At the launch of South African Institute for Non-destructive Testing’s (SAINT) bi-annual Yearbook, African Fusion talks to current president, Keith Cain about advancing the creditability and professionalism of NDT in South Africa.
“This is actually our second book and it is bigger and more formal. We wanted a combination of an interesting coffee table book and a reference book for NDT professionals that can support their day to day needs – and the 2016/2017 book is full of explanations of the different methods and examples of best practices and procedures,” begins Cain.
“Our vision is to be the cornerstone of South African NDT, which is also the title of the 2016/2017 yearbook. As well as supporting NDT technicians and professionals, we strive to raise awareness of the NDT field as a specific and important branch of engineering. NDT professionals are responsible for testing the true condition of critical structures, components or vessels used on industrial plants. Based on the results of NDT inspections, engineers often have to sign-off on the fitness-for-purpose of plant equipment so that it can continue to be operated safely.
“Yet in spite of the vital nature of this role, NDT it is not well known or respected as a discipline in its own right, which is somewhat frustrating. So we continue to raise awareness of the field, its importance and its credibility,” he tells African Fusion.
“NDT is even being performed on Mars. When the Mars Rover takes a rock sample from the planet, it uses NDT-type testing techniques to test and analyse the rock sample before sending the results to Earth. Similar NDT principles, methods and techniques are being applied to plant equipment every day,” Cain argues.
Welding, according to Cain, is highly dependent on NDT. “Welding is like casting, a molten strip of metal fuses to solid metal on either side of the joint. This results in significant changes to the properties of the materials at the joint and if these changes are not managed correctly, they can seriously impair the integrity of the whole structure. Also, defects such as lack of fusion or porosity can be introduced during welding, or the weld may crack after welding due to shrinkage or a combination of cooling stresses and hydrogen, for example. These flaws are usually impossible to see with the naked eye. NDT has a critical role to play in both finding such flaws so that they can be repaired and validating the integrity of a completed weld so that we know that it can be safely put into service,” he explains.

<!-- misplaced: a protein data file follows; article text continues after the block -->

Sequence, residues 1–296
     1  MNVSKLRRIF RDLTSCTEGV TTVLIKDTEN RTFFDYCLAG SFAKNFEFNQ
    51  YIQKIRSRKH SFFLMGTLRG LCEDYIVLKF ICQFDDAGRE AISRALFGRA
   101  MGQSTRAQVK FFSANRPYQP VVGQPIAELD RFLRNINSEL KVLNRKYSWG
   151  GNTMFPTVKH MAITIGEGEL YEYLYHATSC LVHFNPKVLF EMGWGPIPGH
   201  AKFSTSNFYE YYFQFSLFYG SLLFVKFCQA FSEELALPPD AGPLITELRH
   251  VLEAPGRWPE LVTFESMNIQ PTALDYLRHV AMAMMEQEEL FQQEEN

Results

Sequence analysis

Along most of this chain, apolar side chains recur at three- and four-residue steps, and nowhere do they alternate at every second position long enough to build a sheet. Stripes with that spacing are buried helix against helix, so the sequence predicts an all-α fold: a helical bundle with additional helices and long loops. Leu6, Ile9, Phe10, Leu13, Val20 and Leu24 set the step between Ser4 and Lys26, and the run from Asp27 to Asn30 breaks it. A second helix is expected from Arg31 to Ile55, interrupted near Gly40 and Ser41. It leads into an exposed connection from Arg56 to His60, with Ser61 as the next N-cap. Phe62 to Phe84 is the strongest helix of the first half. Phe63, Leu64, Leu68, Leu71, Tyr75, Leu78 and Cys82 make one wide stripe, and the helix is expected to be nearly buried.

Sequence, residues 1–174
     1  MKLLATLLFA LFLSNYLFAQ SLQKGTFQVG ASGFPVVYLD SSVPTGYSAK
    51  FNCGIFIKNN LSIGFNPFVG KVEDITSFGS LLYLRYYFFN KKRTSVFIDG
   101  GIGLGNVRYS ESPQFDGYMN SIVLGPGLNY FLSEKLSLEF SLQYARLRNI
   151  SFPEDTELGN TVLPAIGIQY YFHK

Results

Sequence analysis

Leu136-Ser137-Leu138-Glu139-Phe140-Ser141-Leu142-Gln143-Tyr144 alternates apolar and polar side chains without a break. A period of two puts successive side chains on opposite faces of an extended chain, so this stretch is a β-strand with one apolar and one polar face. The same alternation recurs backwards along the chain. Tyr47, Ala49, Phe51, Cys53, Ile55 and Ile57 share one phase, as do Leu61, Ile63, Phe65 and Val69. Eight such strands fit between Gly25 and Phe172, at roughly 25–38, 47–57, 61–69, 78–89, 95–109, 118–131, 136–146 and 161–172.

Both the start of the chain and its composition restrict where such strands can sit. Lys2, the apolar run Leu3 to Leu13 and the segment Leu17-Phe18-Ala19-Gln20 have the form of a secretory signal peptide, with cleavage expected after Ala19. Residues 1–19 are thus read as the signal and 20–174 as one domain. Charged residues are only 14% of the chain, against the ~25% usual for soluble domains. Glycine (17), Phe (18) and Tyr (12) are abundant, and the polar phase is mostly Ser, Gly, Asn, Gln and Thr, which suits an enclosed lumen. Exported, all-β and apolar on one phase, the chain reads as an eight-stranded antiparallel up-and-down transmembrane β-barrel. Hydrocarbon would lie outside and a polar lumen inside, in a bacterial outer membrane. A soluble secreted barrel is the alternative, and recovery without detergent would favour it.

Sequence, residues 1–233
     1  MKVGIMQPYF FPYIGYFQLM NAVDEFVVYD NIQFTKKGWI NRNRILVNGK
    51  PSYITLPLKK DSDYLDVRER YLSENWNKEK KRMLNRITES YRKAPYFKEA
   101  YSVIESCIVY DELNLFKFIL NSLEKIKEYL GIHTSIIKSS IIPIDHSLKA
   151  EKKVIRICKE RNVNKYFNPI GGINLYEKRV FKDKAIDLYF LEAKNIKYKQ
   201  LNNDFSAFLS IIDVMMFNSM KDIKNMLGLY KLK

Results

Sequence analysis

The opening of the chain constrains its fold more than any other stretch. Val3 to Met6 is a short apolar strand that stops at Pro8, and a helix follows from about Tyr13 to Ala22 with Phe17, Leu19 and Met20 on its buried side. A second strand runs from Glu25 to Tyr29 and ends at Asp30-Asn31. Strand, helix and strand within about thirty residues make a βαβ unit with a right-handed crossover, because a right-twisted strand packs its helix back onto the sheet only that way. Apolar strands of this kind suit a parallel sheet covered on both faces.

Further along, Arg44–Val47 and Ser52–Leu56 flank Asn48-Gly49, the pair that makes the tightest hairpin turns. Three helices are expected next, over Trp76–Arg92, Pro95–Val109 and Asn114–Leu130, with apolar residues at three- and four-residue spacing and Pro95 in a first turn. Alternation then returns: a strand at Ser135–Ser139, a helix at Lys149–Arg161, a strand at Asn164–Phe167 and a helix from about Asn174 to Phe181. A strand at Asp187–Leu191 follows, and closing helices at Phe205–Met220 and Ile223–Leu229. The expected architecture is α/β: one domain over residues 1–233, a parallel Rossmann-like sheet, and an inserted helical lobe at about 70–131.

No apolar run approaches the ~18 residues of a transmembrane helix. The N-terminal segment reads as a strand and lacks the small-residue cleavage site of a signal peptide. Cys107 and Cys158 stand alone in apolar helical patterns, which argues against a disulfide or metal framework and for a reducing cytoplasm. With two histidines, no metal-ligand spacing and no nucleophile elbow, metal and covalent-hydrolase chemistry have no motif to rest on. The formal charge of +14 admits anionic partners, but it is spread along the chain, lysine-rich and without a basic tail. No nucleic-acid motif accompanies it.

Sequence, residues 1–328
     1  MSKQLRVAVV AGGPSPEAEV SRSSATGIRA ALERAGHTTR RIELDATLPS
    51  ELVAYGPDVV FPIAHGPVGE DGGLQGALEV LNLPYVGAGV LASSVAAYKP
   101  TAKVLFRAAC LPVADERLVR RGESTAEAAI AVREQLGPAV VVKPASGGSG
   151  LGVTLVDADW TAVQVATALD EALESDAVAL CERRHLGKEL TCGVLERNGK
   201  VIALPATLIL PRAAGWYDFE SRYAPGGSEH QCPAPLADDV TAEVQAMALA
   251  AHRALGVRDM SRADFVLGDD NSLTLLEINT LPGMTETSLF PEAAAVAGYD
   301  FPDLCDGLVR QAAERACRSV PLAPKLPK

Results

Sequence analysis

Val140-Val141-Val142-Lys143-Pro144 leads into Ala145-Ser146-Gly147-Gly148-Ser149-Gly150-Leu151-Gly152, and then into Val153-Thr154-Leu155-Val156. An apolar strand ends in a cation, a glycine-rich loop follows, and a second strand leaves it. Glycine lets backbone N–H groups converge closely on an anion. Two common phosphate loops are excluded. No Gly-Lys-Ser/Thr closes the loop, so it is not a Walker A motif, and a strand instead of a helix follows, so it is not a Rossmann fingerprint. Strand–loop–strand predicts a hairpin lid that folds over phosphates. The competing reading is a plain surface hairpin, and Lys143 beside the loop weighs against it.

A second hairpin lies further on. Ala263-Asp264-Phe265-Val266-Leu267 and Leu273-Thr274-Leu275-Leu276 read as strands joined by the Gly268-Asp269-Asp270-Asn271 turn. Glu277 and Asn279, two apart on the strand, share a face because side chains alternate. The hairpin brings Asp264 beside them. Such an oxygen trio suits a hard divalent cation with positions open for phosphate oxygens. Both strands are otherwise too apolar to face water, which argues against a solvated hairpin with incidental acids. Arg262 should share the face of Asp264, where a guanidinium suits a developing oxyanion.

“But the need for NDT is not limited to welding. There are more than 100 different testing techniques that are applied in all sorts of fields, leak and pressure testing, for example,” he adds.
The ‘big five’ NDT techniques in common use are penetrant testing (PT); magnetic testing (MT); ultrasonic testing (UT); radiographic testing (RT); and the fifth, eddy-current testing. “Eddy current testing is widely used on aircraft, for example, to make sure they are safe to continue flying,” Cain says. Many of these also have modern derivatives, though, such as phased array UT and digital radiography.
The professional body for NDT
Off the back of the very successful WCNDT conference held in Durban in 2012, SAINT began to transform to better meet the needs of its membership, NDT professionals and NDT users in industry. “To raise the status and professionalism of the practitioners, a professional body was needed to support development and improve the overall status and credibility of practitioners and the profession,” Cain says.
Following extensive consultations with stakeholders, the SAINT Professional Body for NDT (SPB NDT) was formed in accordance with the NQF act. “We have also been collaborating with SAQA and MERSETA to establish professional designations within the Organising Framework for Occupations for Level 1 and Level 2 NDT practitioners. These are now referred to as NDT operators and NDT technicians, respectively,” he says, adding that the framework for the Level 3 designation as NDT technologist has been established and a venture to establish the NDT engineer designation is set for 2017.
“We are not intending to enforce professional registration but we are going to be moving towards a licensing type of system based on the professional designation. End users will then be encouraged to always use licensed professionals to perform NDT according to their designation,” Cain explains.
SAINT is also now pursuing registration with the Quality Council for Trades and Occupations (QCTO). “NDT is not yet a trade and we want it to be. We want young people to be able to do an apprenticeship and get a formal NDT qualification. Then NDT can become a formal occupation with SAINT as its professional body, hosting and accrediting evenings and courses to allow practitioners to accumulate CPD (continuous professional development) points to maintain their professional status,” he says.
SAINT has chosen to adopt a hybrid approach to NDT qualifications and professional development, based on the best features of ISO 9712 and the ASNT recommended practice. “ISO 9712 is very strong on the training and certification of NDT individuals, while the ASNT approach has a better focus on work place experience and on-the-job training. By merging the two systems, we believe industry and qualified practitioners can benefit from the best of both systems,” explains Cain.
“We aim to become a benchmarking Institute in South Africa. Slowly but surely, we are raising interest and improving the credibility and professionalism of NDT industry for the overall benefit of our members, South Africa and industry in general,” Cain concludes.